ROGERSVILLE — The Tennessee Department of Education will release its new statewide strategic plan within the next week or two, but Commissioner Penny Schwinn gave Hawkins County principals a sneak preview Tuesday.
Schwinn said the new plan will be about “the most important thing: high quality public education.”
Director of Schools Matt Hixson surprised his top administrators Tuesday morning in Rogersville with an unannounced visit by Schwinn during the first countywide principals meeting of the new school year.
Schwinn took over as education commission on Feb. 1, and this was her first visit to Hawkins County.
“I’ve been trying to spend a little bit of time around the state visiting as many schools and districts as possible, talking with educators, talking with teachers, family members, students, etc., to figure out, ‘What are we about? What do we want it to be about? And not all the bells and whistles,’ ” Schwinn said. “What we actually ended up with is our strategic plan is about students and educators. That’s it. None of the flashy stuff. It’s about what’s the most important thing. High quality public education.”
“What we heard is it’s about kids”
The statewide strategic plan was developed after Schwinn read approximately 35,000 survey results from parents, teachers and students.
“What we heard is it’s about kids, and that’s all that matters,” she said. “One of the things we did hear, a lot of the feedback, is that we’ve got a lot of kids who have very, very different needs. So how do we support them without having the principal and the teacher be the principal, the teacher, the social worker, the counselor, police officer and everything else in between? Having extra resources in our schools so that you have what you need to do the really important jobs.”
Schwinn added, “Our job is to make sure we are supporting you in Nashville and thinking about you and of you, and supporting you in a way you need to be supported. Not the way we decided you need to be supported.”
Schwinn took a few questions from administrators, and an abbreviated version of her answers is listed below. To hear Schwinn’s full presentation, watch the video included in the online version of this article at www.timesnews.net.
Losing literacy summer camps
Assistant Director Beth Holt expressed concern about the loss of state-supported literacy summer camp programs and asked if that program can be revisited.
“The reason we can’t use the federal funds is it’s essentially daycare money that we were using for the Department of Health, and per the federal statutes, certified teachers are not as qualified to do summer programs because they’re using daycare funds. You can’t use certified teachers as daycare specialists. … The governor provided $5 million to get us through this summer. That buys us some time before next summer.”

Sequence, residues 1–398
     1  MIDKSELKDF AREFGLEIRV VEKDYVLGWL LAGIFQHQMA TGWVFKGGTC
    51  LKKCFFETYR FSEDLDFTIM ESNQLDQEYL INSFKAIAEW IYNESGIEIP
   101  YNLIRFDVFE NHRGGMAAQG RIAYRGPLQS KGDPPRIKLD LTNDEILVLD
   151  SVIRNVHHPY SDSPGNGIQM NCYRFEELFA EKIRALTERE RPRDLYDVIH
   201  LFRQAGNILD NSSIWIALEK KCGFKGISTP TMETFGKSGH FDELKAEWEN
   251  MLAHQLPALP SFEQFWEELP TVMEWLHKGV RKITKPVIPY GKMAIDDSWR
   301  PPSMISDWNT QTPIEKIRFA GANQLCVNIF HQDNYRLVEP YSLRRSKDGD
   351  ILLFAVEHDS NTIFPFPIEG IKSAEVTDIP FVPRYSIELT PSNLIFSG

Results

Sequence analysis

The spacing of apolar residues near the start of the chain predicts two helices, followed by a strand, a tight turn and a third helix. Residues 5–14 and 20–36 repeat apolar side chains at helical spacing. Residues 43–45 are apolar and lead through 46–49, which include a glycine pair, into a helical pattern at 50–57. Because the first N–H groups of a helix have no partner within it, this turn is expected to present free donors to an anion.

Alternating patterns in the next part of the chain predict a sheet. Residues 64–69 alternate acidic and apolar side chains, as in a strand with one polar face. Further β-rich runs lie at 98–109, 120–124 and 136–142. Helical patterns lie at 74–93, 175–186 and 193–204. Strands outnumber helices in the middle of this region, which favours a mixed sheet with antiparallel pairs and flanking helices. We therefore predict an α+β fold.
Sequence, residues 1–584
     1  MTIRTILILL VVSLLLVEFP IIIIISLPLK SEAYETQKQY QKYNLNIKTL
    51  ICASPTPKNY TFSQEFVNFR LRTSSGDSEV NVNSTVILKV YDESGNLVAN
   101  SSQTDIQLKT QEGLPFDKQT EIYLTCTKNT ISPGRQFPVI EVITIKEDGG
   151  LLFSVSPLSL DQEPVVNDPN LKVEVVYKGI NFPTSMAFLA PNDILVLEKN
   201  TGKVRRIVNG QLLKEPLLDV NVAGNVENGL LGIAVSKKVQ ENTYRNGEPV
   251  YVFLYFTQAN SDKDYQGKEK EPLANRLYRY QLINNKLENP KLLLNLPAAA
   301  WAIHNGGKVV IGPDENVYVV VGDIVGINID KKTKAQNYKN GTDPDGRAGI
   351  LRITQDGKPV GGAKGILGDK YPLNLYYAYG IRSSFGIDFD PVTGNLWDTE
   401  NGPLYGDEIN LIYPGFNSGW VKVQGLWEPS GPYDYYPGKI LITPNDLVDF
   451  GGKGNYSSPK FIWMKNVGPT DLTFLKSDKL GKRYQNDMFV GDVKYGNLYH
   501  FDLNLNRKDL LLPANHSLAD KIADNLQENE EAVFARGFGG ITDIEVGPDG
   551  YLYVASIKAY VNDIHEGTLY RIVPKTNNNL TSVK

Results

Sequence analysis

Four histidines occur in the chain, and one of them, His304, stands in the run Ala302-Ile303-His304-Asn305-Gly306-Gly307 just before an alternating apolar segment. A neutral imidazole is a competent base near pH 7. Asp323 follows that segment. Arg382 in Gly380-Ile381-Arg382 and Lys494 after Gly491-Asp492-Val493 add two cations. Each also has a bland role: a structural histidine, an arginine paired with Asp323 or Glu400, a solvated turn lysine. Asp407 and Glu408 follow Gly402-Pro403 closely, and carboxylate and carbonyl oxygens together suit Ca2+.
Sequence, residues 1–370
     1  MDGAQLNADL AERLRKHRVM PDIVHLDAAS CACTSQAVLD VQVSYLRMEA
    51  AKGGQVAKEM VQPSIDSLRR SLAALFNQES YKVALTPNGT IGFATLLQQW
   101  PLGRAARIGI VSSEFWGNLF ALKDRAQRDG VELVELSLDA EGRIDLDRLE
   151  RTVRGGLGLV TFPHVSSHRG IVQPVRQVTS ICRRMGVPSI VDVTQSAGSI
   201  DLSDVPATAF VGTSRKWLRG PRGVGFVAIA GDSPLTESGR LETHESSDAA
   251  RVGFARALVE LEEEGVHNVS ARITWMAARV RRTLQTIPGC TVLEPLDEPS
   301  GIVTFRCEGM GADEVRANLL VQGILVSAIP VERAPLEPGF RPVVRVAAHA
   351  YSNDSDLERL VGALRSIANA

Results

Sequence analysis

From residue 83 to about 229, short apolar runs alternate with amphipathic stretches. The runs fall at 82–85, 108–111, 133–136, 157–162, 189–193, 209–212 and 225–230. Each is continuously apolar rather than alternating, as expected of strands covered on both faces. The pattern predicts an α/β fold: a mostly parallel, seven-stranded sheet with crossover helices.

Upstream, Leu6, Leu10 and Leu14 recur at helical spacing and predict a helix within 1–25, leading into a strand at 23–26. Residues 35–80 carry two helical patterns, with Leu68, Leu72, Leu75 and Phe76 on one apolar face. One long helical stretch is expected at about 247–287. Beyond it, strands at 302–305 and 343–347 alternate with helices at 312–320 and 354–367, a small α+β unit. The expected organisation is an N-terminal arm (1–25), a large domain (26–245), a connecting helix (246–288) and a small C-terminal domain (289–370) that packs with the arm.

A new statewide accountability system
Hixson asked Schwinn to preview the state's new “40/40/20” accountability model for grading schools and districts.
“One of the things we heard is, if we are a super high performing school, it’s really hard to show growth. If we are a school that’s ‘high opportunity’ where we can grow a lot of our kids, that’s where we need to focus, and we need to focus on making sure all of our kids are growing (academically) rapidly.”
Another term for the new accountability system is a “best of model.”
“So you get a grade for each of those (growth and proficiency), and you get a grade for what they call ‘other indicators’ as required by federal law. It’s basically chronic absenteeism. But in your growth score and your proficiency score, let’s say one’s an A and one’s a D. In terms of what goes into the overall (score) you get the better of them. So you’re average is an A. It’s not A and D makes C+. … It’s essentially trying to say, you can’t be high growth and high proficiency. That’s literally impossible, and then we’re forcing grades that don’t actually make sense.”
Retaining high quality educators
Mooresburg Elementary Principal Jason Roach asked how the Department of Education is responding to a recent survey that 1 in 3 Tennessee teachers wants to leave the profession.
Schwinn said there are two categories the department is already studying: what gets people into the field of education and what helps people stay in that field.
Starting salary is a big factor, as well as the amount of support required for issues such as behavior management, discipline, and children in crisis.
“Teachers want to feel supported in the classroom, which is part of why we see teachers leave the profession. Part of it is salary, but a lot of it is working conditions after years, going into your fourth year. It’s, ‘Can I be successful, and is this sustainable?’ We’re seeing emotionally it’s not for teachers. You’re dealing with all of these challenges that weren’t there necessarily 30 years ago.”
Resource disparity between urban and rural communities
Federal program supervisor Reba Bailey asked how the state will deal with the disparity in resource allocation between rural and urban communities.
Scwinn said Gov. Lee cares about that issue and has directed all of his commissioners to address those inequities. That will be reflected in new grant and funding opportunities intended to increase resources that are available in the poorer, rural schools.
“In traveling across the state, one thing we’ve been talking about in the department is there’s certainly rural, urban, suburban. But rural in west Tennessee, rural in East Tennessee, and rural in Middle Tennessee do not look the same either. We have to think about how we address our districts and their individual unique needs based on where they’re at. … We have to be able to better prioritize how we think abut allocating funds to ensure everyone has a fair shot at getting a teacher who is highly qualified and excellent in the classroom, that everyone is getting the resources they need for their local communities.”